1. Check for your nonprofit’s eligibility and register it to collect donations. Refer to this Facebook Page for Nonprofits to check for your eligibility and steps to register.

2. Let your supporters know that they can create fundraisers through your Facebook page. All they have to do is head on to your page, click on the “Create a fundraiser” options, and follow the steps to get started. 

Nonprofit P2P fundraiser facebook

3. Make sure to share resources, tips, and templates with the fundraisers. These include mission statements, description of work, testimonials, branded images, etc.

Social videos generate 12 times more shares than text and images combined. Views on branded video content have increased by 258% on Facebook.

The consumption of video content has increased on all social media platforms (not just Facebook). 82% of Twitter users consistently watch video content; Snapchat generates 10 billion video views every day, video consumption on Instagram increased by 150% in 2019.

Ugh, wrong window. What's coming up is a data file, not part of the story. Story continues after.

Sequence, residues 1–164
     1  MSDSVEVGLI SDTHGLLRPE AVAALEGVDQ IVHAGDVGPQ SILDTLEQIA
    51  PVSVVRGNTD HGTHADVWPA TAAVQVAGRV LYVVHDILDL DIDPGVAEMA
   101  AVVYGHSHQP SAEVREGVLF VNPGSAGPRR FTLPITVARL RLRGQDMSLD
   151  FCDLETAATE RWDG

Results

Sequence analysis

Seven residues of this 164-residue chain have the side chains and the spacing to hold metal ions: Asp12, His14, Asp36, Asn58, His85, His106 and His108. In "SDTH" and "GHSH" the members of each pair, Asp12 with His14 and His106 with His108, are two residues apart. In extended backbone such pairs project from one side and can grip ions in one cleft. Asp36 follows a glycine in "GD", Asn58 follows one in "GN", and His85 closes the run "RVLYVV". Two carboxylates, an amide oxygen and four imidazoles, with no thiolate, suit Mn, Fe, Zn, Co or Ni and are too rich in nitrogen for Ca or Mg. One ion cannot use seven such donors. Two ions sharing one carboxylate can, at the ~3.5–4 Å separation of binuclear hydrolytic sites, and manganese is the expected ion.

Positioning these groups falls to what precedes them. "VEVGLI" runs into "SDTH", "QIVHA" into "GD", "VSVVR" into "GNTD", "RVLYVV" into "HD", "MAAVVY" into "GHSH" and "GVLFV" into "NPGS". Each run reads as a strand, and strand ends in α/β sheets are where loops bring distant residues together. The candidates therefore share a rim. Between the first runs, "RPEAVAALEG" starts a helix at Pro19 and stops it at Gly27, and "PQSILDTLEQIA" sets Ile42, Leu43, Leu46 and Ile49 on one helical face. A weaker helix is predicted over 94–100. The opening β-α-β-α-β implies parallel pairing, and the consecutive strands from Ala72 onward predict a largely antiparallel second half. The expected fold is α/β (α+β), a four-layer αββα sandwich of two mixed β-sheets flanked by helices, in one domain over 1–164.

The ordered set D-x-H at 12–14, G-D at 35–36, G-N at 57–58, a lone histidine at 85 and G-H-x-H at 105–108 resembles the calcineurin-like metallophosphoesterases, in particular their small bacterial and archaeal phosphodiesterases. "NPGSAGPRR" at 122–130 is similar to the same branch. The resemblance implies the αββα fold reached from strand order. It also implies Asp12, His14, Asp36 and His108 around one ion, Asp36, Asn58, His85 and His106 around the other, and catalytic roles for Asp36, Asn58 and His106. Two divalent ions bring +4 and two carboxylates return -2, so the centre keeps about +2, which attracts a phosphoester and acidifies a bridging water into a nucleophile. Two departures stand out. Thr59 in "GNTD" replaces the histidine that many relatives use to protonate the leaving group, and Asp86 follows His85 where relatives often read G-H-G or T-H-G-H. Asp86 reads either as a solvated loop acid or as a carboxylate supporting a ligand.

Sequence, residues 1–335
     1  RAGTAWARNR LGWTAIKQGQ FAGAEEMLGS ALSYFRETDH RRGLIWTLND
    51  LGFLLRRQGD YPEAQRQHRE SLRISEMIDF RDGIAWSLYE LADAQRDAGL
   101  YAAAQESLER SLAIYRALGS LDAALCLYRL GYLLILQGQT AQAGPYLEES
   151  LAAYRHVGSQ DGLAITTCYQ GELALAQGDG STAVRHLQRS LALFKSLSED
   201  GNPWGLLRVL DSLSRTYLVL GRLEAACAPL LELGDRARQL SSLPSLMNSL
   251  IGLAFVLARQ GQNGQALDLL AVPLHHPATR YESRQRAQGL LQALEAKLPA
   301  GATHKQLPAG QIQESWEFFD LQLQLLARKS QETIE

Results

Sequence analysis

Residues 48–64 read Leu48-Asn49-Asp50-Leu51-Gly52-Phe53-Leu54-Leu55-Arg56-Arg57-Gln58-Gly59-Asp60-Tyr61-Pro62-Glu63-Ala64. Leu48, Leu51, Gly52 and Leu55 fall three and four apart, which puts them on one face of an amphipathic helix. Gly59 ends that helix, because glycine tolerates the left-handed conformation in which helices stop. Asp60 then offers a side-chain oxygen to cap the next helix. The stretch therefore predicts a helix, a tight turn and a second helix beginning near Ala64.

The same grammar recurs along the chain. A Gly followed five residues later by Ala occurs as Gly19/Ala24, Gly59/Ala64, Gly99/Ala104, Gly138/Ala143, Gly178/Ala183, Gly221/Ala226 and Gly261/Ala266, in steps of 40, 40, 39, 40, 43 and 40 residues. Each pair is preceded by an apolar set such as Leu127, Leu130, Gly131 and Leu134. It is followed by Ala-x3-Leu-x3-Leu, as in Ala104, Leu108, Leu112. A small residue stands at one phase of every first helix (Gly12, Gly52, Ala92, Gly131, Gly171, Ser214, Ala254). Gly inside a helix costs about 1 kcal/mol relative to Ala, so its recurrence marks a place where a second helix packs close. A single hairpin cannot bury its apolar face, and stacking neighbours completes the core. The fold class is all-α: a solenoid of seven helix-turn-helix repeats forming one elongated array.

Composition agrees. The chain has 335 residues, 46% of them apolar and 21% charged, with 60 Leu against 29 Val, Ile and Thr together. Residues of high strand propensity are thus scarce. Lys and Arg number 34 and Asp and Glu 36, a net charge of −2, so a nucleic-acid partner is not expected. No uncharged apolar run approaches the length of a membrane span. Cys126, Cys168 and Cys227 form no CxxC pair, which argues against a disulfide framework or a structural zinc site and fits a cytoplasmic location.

There main reasons for the uprise of video consumption on social media are:

  • Videos are more memorable and easy to remember. The human brain processes visuals much faster than text, which is also why they do so well.
  • Social media algorithms prioritize video content and display it more often on the individual’s feed. Since videos have higher engagement, they keep the user on the social media platform for a longer duration, which is what these channels want.
How can you implement this?  

Sure, making videos sounds complicated, and it sometimes is. But not to the extent that you may be imagining.

Take the time to figure out how you can create videos in a cost-effective way. This could mean using your iPhone or taking a photo and adding a quote on it and making that into a video.

Jeanette Knutti, Digital Marketing Academy for Nonprofits 

Here are a few suggestions on how you can go about this: